Putting Second-Generation Reforms to the Test
Kay, Stephen, EconSouth
Despite the implementation of sweeping structural reforms, economic growth in Latin America has slowed significantly since the late 1990s. Second-generation reforms--which include judicial, social security, regulatory, labor, tax, education and political reforms--are needed, but many obstacles exist. How will the region meet this challenge?
After the economic stagnation of the 1980s--the so-called Lost Decade--Latin American governments instituted structural reforms intended to revive economic growth. This set of policies emphasized property rights, fiscal discipline, trade and financial-sector liberalization, competitive exchange rates, privatization and deregulation.
These reforms brought renewed investor confidence to the region and led to a surge in investment and economic growth. However, financial-sector volatility also increased as the region suffered downturns following the Mexican peso crisis in 1995 and the Asian and Russian crises later in the decade. Economic growth has slowed significantly since the late 1990s, and Latin America continues to suffer from high rates of poverty and inequality.
Policymakers now recognize that "second-generation" reforms-which include tax reform, flexible labor markets, capital account opening, central bank independence, social safety nets, anti-corruption measures, improved corporate governance, and targeted poverty reduction--are needed to build an institutional foundation that can sustain economic growth and protect against external shocks. Unfortunately, there is no clear-cut prescription for precisely how such institutions should be structured.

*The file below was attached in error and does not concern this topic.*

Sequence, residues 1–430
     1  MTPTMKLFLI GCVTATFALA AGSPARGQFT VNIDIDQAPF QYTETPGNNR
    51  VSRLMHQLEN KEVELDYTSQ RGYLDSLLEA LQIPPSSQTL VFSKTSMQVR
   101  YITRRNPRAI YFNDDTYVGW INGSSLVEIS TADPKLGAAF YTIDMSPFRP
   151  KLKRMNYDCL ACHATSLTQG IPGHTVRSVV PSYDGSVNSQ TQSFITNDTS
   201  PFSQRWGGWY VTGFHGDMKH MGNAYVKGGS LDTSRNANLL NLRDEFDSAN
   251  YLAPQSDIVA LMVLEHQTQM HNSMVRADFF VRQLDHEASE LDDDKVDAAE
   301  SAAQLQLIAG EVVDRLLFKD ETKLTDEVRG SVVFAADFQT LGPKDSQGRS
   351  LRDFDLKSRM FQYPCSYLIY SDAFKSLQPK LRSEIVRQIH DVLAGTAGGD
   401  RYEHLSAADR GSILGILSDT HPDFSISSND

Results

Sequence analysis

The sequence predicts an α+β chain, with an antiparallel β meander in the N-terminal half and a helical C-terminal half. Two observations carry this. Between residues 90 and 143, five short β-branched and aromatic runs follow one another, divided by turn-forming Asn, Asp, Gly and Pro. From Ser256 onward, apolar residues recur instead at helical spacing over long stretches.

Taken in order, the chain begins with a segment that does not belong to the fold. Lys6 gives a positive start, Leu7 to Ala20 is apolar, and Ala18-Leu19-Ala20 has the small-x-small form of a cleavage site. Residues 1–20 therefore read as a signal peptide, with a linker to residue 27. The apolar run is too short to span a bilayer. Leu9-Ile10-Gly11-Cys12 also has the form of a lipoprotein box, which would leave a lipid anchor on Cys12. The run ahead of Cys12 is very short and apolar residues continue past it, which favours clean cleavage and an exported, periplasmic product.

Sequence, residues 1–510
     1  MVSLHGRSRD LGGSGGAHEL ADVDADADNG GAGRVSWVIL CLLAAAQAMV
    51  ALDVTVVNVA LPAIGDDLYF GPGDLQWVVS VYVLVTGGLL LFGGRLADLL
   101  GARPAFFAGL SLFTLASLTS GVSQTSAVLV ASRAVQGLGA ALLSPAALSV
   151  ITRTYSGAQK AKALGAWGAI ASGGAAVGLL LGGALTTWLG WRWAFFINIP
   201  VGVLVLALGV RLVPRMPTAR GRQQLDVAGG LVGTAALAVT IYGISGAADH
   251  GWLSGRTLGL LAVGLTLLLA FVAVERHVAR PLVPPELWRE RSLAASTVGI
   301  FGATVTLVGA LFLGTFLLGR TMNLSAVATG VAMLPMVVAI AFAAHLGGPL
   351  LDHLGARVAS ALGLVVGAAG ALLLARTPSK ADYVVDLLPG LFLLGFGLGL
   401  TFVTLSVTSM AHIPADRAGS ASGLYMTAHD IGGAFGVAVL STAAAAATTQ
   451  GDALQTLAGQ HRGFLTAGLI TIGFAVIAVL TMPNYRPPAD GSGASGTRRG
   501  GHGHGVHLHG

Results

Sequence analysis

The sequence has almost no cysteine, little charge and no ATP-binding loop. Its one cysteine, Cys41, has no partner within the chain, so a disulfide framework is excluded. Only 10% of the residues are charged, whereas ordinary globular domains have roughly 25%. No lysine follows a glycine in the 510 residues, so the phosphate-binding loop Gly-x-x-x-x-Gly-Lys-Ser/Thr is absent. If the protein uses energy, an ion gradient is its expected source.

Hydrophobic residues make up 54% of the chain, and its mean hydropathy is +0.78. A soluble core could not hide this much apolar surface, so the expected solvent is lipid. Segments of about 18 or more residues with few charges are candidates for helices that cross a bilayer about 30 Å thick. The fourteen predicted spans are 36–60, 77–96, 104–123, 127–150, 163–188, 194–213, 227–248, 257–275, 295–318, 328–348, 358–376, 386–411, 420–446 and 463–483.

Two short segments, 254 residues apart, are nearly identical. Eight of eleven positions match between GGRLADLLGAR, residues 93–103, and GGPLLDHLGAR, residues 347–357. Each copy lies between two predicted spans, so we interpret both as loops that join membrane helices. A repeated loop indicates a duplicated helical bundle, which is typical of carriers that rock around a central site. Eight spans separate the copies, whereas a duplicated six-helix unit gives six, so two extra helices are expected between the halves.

Even with solid agreement on a desired policy outcome, such as a reduction in poverty, how to achieve such an outcome is not always obvious. Furthermore, restitutions are often country-specific and not easily transferred elsewhere. And, given growing public dissatisfaction with the process of reform, the future of these second-generation reforms is far from certain.
The debate over whether or not governments should rely on capital controls provides an example of the challenge of instituting a second-generation reform when consensus is lacking. Foreign investors prefer unrestricted access to markets, and capital controls tend to create disincentives to investment. Yet governments may seek to introduce capital controls in order to contain volatility. (The chart on page 16 shows how volatile capital flows to the region were in the 1990s.) Chile took this step when policymakers instituted capital controls between 1991 and 1998 in an effort to slow capital inflows, encourage longer-term investments and reduce exchange rate appreciation.
Some economists, like Joseph Stiglitz and Jagdish Bhagwati, argue that capital controls can be valuable tools for imposing stability given the potential volatility in international capital markets. Other economists, including Sebastian Edwards, argue that capital controls are ineffective and impose significant costs on small and medium-sized firms (larger firms are better equipped to evade capital controls). Edwards suggests that sequencing reforms is a key issue and that capital controls should be gradually relaxed toward the end of the process of market-oriented reform, but only after adequate supervisory controls are in place.
The debate over capital controls was revived again in June 2003 when Argentina announced that it was imposing capital controls to counter market speculation and stabilize the peso. At the time, the International Monetary Fund had no objections, but U.S. Secretary of the Treasury John Snow opposed the move, arguing that it was a mistake because it would discourage capital from entering the country.
Restrictions on capital flows have also been a key point of debate during recent U.S.-Chile and U.S.-Singapore negotiations over trade agreements. Chile and Singapore wanted to reserve the right to impose capital controls in the event of a crisis, while the U. …